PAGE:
Take a personal loan now from any commercial bank and the borrower will be fleeced of a working life’s income.
This is because, despite the favourable and handsome profits made by the financial institutions in the country, the cost of borrowing is still high for the average Ghanaian.
This has got people talking and even for those who know the implications, some still go ahead to borrow because of their dire need for cash.
Before the monthly inflation rates eased to their current single digits to prompt the Bank of Ghana (BoG) to lower its policy rate to a low 15 per cent, commercial banks and other lending institutions relied on the unstabilised nature of monetary policy indicators to hold on to their high lending rates.
The banks have led borrowers to conclude that a stabilised macro-economy encourages commercial banks to ease their ‘overkill rates’ to allow businesses to borrow and invest more.
The current stability in the economy is, however, causing many to regard the banks as being inimical to business growth.
After all, the commercial banks have failed to respond to the lowering of the BoG’s rate, not to mention even monthly inflation figures, improved reserves and a fairly improved exchange rate regime and a stable treasury bill rate.
Currently, the average interest on deposit by all the 24 banks operating in the country is less than nine per cent, while lending rates are as high as 29 per cent on the average, depending on the bank or the kind of financial institution you are doing business with.
Critics have described the phenomenon as a vile rip-off, arguing that the soaring interest rates mean that whilst the commercial banks are making unusually monumental profits, small-scale businesses which borrow money from the banks are struggling to survive.
VIEWS OF ANALYSTS
Head of Research at Databank, Sampson Akligoh, said commercial banks have flexibility in the quality of loans they offer.
“We could see a facility with a fixed or flexible interest rates, and different terms; but it is not very common for the duration of a loan facility to be varied”.
“We should not see accessing loan facilities from banks as a begging position, and people must be fully aware of the options in the market. The challenge is that we do not have strong consumer protection agencies, but again the traditional structures are strong enough to get people to be compensated for unfair treatment by commercial banks”, Mr Akligoh said.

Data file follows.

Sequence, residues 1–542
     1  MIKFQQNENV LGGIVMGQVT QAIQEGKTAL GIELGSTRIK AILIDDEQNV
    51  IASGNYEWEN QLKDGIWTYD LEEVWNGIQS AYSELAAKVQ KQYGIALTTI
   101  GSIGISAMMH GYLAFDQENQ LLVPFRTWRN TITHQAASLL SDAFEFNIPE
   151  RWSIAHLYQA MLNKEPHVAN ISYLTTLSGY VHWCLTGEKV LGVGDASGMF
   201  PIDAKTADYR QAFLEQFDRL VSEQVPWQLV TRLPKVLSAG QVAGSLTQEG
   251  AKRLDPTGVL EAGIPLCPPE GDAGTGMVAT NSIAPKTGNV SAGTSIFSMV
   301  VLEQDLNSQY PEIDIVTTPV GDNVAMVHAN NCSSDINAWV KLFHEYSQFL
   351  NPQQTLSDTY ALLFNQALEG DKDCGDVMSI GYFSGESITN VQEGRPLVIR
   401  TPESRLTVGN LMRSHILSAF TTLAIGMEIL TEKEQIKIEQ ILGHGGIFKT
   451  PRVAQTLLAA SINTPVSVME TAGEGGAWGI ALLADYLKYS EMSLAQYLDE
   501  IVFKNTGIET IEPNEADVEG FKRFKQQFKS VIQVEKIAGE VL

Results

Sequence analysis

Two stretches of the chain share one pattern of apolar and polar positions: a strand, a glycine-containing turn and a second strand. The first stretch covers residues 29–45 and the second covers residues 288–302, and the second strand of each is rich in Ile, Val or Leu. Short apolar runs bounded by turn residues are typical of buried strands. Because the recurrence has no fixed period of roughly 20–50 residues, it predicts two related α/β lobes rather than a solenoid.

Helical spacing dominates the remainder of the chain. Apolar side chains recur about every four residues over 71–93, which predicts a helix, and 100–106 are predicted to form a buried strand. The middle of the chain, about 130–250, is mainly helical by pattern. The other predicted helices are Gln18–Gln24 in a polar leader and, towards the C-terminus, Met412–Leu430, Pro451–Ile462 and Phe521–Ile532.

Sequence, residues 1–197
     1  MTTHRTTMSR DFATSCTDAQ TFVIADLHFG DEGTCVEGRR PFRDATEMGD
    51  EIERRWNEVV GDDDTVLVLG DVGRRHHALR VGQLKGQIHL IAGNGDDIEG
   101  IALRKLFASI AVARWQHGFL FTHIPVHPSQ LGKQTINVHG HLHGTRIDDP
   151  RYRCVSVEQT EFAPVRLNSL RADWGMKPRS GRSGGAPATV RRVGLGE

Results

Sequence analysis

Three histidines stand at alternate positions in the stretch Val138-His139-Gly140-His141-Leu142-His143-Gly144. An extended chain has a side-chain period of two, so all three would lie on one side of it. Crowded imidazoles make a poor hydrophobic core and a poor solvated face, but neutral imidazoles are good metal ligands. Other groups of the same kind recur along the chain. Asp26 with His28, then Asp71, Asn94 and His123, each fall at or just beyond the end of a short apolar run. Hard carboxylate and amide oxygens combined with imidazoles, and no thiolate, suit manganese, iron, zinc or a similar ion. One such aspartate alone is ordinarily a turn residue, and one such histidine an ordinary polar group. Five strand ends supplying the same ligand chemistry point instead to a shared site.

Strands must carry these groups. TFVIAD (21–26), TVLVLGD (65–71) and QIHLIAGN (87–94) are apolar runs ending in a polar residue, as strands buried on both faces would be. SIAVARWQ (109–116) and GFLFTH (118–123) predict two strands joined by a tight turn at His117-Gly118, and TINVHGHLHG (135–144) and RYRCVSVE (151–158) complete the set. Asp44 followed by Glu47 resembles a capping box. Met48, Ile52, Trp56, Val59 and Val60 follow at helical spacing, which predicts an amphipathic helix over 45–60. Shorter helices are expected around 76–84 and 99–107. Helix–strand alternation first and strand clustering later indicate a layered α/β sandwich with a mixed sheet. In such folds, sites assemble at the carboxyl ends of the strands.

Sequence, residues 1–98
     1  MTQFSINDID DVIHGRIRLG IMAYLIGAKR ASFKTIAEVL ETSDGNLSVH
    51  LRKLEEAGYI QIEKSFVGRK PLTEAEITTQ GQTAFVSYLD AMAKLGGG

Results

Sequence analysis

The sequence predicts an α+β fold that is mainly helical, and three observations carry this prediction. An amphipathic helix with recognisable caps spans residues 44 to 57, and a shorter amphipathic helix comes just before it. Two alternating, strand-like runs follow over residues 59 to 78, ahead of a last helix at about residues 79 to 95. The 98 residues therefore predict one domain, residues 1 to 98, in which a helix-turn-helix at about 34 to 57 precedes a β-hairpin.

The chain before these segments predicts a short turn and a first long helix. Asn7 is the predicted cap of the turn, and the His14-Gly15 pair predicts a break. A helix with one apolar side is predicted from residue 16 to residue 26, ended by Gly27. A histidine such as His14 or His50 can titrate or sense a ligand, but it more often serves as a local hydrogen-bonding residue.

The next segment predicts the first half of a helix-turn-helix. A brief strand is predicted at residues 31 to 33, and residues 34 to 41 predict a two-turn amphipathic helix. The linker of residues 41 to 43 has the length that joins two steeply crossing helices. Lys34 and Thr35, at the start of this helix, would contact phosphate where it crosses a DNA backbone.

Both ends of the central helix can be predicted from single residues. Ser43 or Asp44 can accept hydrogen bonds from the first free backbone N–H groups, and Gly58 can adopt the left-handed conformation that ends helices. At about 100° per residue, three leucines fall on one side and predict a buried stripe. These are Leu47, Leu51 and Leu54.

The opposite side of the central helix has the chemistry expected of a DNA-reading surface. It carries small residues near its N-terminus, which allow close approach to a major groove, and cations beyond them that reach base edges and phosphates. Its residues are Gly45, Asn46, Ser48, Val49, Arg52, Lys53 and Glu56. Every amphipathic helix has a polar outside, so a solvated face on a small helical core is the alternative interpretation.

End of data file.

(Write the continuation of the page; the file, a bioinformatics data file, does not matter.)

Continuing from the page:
According to the Databank Research Head, the fiduciary responsibility means clients must know beforehand the nature of the facility prior to agreeing to it, such that anything that is at variance with the agreed terms become illegal and can be challenged.
The published quarterly report by the Bank of Ghana on interest rates and deposit rates in the newspapers exposes the business practices of companies and businesses that can, at best be described as “loan sharks”.
Until recently, the Monetary Policy Committee (MPC) of the Bank of Ghana had maintained a fairly stable prime rate-the reference interest rate used by the banks- and yet, on the ground, banks and other loan companies did not reflect this in their lending practices.
Analysts say the recent policy rate increase to 15 per cent was at the back of rising inflation, which according to the BOG “has pushed up the disinflation path further from the target in the horizon, and monetary policy needs to be vigilant to avoid a build-up in inflation expectations.
Most borrowers are often not aware of the financial implications if they are unable to service their loans.
Even though the banks, for example, generally admit that they are concerned about the effects of the high rates charged to customers on loans, they seem unprepared to do something about it.
The explanation given by the banks is that it is perfectly normal to charge a higher interest when you perceive an individual or institution to be a high-risk client.
This, of course, is purely on the basis of the economic theory of risk and reward- where you would expect a higher return for a risky project.
The argument is not that people should contract loans and not pay. It is far from that. The issue has more to do with the rate of interest charged that normally makes it practically impossible for people to pay back their loans, even with the best of intentions.
A lecturer at the University of Cape Coast Business School, Mr John Gatsi, describes the attitude of some commercial banks as inappropriate.
“ There is something hidden that they are not telling us, some of the time, there is no full disclosure in some of the things they do, somebody has to call them to order”, he said.
It is not that this has suddenly become a problem but it is because now people have become more aware of the official rates issued by the BOG, they have become amazed by the practices of their own banks.
The high lending rate has a multi-dimensional effect on the economy. Many people have ended up in debts because of the unscrupulous lending practices of some of these financial institutions. GB